The recent expose on Carte Blanche about UNISA has shocked students to the core, with Facebook and Twitter abuzz with angry and upset students. It shows several students who were unhappy with their marks, and who followed this up relentlessly until they got confirmation of some pretty large mistakes. In every case they had to fight the university to get this recognised; sometimes for as long as 6 months!
Many students are upset by the expose, saying that it is showing their university in a bad light. Errors will occur, and Carte Blanche has done a shallow and sensationalist piece designed to stir students up.
Now, I fully believe that every university will make mistakes, and as UNISA is that much larger it will have a much larger number of them. My problem is not with very human mistakes – my problem is with the fact that there are not the right processes in place to help students when these mistakes happen. UNISA’s strategy appears to be to make it so hard to do anything about it that most people give up. The number of students who are coming forward on our Facebook page saying they believe they have experienced the same problem is testament to this.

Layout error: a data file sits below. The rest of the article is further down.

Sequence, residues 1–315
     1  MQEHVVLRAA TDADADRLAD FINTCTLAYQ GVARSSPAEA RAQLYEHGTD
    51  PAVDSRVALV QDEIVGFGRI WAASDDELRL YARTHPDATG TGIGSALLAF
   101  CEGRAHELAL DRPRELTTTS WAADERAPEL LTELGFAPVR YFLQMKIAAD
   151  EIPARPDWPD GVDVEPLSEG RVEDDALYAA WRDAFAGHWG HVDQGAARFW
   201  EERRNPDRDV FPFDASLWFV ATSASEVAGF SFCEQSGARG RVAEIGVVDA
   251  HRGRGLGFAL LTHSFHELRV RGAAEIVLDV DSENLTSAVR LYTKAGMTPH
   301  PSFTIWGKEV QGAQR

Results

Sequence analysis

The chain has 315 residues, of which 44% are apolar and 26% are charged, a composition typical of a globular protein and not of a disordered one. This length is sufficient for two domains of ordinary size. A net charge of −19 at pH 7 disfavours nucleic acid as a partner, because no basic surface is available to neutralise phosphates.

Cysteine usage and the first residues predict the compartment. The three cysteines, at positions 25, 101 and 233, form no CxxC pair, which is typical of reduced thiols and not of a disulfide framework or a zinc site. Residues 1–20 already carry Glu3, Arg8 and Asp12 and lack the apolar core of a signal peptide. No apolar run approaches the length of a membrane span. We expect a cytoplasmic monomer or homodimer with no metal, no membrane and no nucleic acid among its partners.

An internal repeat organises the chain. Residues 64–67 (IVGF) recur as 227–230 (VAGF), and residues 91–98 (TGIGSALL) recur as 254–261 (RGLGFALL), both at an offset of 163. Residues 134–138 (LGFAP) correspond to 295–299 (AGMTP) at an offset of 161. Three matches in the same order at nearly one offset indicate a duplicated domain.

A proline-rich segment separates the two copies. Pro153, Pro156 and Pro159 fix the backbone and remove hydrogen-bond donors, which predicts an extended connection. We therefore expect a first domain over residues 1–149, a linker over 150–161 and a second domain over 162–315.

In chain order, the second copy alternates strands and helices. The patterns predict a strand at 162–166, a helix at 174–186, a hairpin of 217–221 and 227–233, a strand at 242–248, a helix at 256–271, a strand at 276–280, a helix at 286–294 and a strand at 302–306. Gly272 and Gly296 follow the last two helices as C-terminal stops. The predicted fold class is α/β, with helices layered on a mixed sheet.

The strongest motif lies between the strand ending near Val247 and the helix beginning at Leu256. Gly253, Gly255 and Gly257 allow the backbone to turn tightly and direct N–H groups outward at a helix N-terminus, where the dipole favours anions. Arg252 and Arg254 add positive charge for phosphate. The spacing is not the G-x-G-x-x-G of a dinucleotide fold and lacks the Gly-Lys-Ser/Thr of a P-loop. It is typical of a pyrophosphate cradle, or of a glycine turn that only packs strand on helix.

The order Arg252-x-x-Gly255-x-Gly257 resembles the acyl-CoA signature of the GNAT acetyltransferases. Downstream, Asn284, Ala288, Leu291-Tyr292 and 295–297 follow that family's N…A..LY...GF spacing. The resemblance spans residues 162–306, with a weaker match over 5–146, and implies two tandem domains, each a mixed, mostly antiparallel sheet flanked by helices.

My personal hope is that the Carte Blanche expose of UNISA motivates students and UNISA to find a real solution to this problem. It is our university, and it is our futures that are at stake if these problems continue. There have been some great suggestions by the students as to possible solutions. They say students should able to properly engage with their lecturers should they not be happy with their marks. Also, marking rubrics should be easily available so students can understand the marks they have been given. And my personal view – students should have a clear and transparent process to follow should they feel they still have not been given the mark they deserve.
Could MyUNISA not be used to better effect to facilitate this?
I think CONSTRUCTIVE criticism is always good, and I hope that this expose is the start of some real pressure on UNISA to ensure that they come up to scratch and start communicating with students. At Together We Pass we believe that keeping in touch with students is our NO 1 priority, and I wish UNISA could try to up their game a LITTLE bit in this regards!!
Written by Tabitha Bailey